New destination for watersports
Wave park ‘to help future Olympic hopefuls’
Wavegarden Scotland, the company behind Scotland’s first artificial wave park, believes it can help encourage a new generation of Olympic performers.
The company has submitted its planning application after receiving overwhelmingly positive feedback from public consultation events held earlier this year.
It wants to redevelop Craigpark Quarry adjacent to the Edinburgh International Climbing Arena near Ratho, into a word-class surf and leisure facility offering a variety of water sports on its man-made loch.
It will include self-catering luxury lodges, glamping pods, a waterfront café and restaurant, retail spaces, zip line, water tubing area, snow-sports area, and a car park.
The 23 hectare wave park has been masterplanned and designed by landscape architects HarrisonStevens, with engineering and technical consultation provided by WSP, and planning and development advice by Colliers International.
Wavegarden Scotland held two public consultations in February attended by about 260 people with more taking part online and via the company’s social media channels. No objections were raised.
Andy Hadden, co-founder of Wavegarden Scotland said: “We’re cautiously optimistic that our years of research, consultation and planning will pay off.
“We believe our facility will enhance Ratho as an international destination for adventure sports, and we’re delighted that we have the chance to deliver the project in a brownfield site within an old quarry.”
Wavegarden Scotland will be an ecologically responsible and diverse space for the surrounding communities and visiting public, with a large country park for walkers, runners and cyclists to enjoy.
The proposal details how the former quarry site has guided the design, with extensive re-use of onsite materials and stone to capitalise on the natural character of the site, while carefully considered plant and landscaping choices will help restore the area’s original ecology which was lost during the former quarry’s operations.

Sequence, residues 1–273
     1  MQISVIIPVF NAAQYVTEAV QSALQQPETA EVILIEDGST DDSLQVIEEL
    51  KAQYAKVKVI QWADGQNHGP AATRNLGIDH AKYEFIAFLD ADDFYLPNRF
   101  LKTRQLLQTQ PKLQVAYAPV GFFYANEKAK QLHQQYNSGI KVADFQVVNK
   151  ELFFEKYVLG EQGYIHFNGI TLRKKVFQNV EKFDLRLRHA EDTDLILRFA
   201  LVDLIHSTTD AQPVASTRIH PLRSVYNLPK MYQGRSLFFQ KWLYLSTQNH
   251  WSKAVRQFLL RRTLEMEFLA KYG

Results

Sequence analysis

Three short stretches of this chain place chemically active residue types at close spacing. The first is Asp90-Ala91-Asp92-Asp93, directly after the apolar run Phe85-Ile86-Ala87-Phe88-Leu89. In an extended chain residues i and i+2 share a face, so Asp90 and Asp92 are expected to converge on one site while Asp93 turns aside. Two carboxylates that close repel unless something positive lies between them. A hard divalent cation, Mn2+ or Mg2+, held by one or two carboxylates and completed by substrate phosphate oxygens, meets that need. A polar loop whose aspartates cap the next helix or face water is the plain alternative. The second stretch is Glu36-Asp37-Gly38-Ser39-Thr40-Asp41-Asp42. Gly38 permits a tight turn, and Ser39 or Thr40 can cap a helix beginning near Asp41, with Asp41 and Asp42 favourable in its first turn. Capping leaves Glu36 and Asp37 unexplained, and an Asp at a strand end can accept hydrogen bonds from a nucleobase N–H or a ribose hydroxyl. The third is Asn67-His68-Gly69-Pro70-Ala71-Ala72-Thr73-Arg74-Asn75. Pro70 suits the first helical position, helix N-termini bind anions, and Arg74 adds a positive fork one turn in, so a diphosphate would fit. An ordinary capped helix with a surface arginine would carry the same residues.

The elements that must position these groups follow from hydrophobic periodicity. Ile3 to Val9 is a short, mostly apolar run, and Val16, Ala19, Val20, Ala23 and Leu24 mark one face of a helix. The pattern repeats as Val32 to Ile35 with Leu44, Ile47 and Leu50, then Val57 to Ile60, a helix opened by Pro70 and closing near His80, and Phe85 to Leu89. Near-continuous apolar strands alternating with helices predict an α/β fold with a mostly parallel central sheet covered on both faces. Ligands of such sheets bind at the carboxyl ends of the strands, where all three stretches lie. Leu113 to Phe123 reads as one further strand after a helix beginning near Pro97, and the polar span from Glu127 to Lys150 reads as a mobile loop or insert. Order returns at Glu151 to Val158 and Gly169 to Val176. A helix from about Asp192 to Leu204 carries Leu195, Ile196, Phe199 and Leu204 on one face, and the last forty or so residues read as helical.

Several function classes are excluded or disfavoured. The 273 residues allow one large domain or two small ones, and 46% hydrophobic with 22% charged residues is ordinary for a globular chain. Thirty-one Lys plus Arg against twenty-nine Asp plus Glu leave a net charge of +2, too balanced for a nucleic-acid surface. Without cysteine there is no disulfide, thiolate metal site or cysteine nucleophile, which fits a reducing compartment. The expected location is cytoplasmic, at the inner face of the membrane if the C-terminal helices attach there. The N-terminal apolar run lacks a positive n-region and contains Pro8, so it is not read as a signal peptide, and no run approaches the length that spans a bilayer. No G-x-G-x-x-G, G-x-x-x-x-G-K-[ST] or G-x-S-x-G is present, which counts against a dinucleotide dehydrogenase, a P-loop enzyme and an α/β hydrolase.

The overall design will develop existing integrated transportation and leisure links, including with the nearby canal network, into the heart of Edinburgh as well as the wider central belt.
With surfing due to debut as an Olympic Sport at Tokyo 2020, the team believes that Wavegarden Scotland will be delivered in time and will provide Scottish surfers with some of the most advanced surfing facilities available.
Using recently released, state-of-the-art wave generation technology called The Cove, Wavegarden Scotland will be among the most advanced surfing and water sport facilities in the world, with the capability to enable elite-level sports training and development.
Mark Boyd, captain of Scotland’s national surfing team, said: “Scottish surfing is growing and becoming more and more competitive on the world stage.
“Scottish Women’s Champion, Megan Mackay, took the Women’s gold medal at the Nordic Surf Games earlier this year, and we have proven we can make heats on the world stage in previous World and European Championships and at this year’s ISA World Games in Biarritz. Now we are hoping to raise enough funds to send a team to the European Surfing Championships in Norway in September.
“A facility like Wavegarden Scotland would give the Scottish surfing team a huge edge as a training facility, thereby helping us cost-effectively prepare for different conditions in competitions. It would also be very important in encouraging and developing future talent, while showcasing this wonderful sport to a wider audience.”
Andrew McNab, director of Colliers International, which is handling the development’s planning application said: “The consultations received a very positive reception from those that attended and viewed the information online. Wavegarden Scotland will provide a huge economic boost to the area.”